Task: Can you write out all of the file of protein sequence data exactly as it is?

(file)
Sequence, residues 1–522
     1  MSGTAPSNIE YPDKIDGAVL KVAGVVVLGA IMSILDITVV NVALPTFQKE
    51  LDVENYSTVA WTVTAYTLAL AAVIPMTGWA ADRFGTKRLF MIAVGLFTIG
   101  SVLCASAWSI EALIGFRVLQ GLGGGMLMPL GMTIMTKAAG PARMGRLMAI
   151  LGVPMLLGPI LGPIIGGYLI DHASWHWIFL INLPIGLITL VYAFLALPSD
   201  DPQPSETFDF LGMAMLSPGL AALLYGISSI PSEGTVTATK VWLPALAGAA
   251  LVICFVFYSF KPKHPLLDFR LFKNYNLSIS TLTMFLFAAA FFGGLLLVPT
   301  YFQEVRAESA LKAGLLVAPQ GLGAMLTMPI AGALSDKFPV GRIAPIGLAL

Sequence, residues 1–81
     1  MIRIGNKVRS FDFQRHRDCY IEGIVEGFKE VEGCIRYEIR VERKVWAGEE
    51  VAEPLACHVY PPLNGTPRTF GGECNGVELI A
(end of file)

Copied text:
Sequence, residues 1–522
     1  MSGTAPSNIE YPDKIDGAVL KVAGVVVLGA IMSILDITVV NVALPTFQKE
    51  LDVENYSTVA WTVTAYTLAL AAVIPMTGWA ADRFGTKRLF MIAVGLFTIG
   101  SVLCASAWSI EALIGFRVLQ GLGGGMLMPL GMTIMTKAAG PARMGRLMAI
   151  LGVPMLLGPI LGPIIGGYLI DHASWHWIFL INLPIGLITL VYAFLALPSD
   201  DPQPSETFDF LGMAMLSPGL AALLYGISSI PSEGTVTATK VWLPALAGAA
   251  LVICFVFYSF KPKHPLLDFR LFKNYNLSIS TLTMFLFAAA FFGGLLLVPT
   301  YFQEVRAESA LKAGLLVAPQ GLGAMLTMPI AGALSDKFPV GRIAPIGLAL

Sequence, residues 1–81
     1  MIRIGNKVRS FDFQRHRDCY IEGIVEGFKE VEGCIRYEIR VERKVWAGEE
    51  VAEPLACHVY PPLNGTPRTF GGECNGVELI A